In his discussion of the non-mathematical astronomical texts' use of the zodiac, Sachs said, "An inspection of all the items that mention a sign of the zodiac shows that we are in the presence of predictions in all such cases. Aside from the non-observational nature of the planetary phenomena, another general remark may be made about the planetary positions given in the horoscopes; namely, that the sequence in which they are given, Jupiter, Venus, Mercury, Saturn, Mars, is the standard sequence employed in the non-tabular astronomical texts of the Seleucid period, specifically almanacs and goal year texts, but also attested sporadically in much earUer texts.
Sidereal and tropical astrology
There has been much discussion about this pecuHar sequence of planets for which there is no ''natiu:al" eiq lanation, such as distance from the sun. What can now be substantiated with evidence W nativity omens of the same period is that this amusement of planets stems from an astrological schema which assigns the planets beneficent and maleficent In HAMA, p.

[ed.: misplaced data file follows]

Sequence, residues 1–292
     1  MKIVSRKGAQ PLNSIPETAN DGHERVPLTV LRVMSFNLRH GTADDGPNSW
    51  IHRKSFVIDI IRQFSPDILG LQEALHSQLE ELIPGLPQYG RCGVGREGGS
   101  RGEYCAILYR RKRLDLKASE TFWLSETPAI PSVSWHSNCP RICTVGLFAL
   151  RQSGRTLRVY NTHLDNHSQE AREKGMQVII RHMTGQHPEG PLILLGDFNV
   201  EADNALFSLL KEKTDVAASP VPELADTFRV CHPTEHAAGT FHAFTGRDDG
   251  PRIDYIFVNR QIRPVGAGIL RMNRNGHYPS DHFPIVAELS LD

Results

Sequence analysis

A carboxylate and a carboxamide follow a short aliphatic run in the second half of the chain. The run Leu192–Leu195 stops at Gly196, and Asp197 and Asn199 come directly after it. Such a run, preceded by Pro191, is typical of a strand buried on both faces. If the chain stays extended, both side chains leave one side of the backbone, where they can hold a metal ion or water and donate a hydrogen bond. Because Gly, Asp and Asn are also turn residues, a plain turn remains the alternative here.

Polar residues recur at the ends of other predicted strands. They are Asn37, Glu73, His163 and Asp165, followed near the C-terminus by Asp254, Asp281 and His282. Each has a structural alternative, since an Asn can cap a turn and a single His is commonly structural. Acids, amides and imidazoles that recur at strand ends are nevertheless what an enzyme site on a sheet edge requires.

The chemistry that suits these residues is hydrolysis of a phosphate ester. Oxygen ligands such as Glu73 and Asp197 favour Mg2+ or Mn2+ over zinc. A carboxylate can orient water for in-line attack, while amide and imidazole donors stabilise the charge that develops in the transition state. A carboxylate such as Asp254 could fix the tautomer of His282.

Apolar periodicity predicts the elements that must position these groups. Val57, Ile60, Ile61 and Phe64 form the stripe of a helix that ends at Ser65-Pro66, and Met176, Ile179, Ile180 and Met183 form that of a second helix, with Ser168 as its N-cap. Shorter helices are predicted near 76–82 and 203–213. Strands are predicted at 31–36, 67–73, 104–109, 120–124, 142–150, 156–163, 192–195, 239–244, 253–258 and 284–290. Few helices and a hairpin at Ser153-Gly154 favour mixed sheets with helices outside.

Neiigebauer commenfed, legarding the procedure text ACT Sections for Venus, that "were it fully preserved [it] would give us all data for the 'subdivision' of the synodic motion. The arrangement of the planets in the horoscopes, as well as in Babylonian astronomy in general, consequently bears no relation to a concept of where the heavenly bodies are located in the sky. This is contrasted in the Greek horoscopes, which provide much the same data as do the Babylonian counterparts, but list the planetary positions in order of their distances from the earth, thereby reflecting their spatial location in a geocentric cosmos.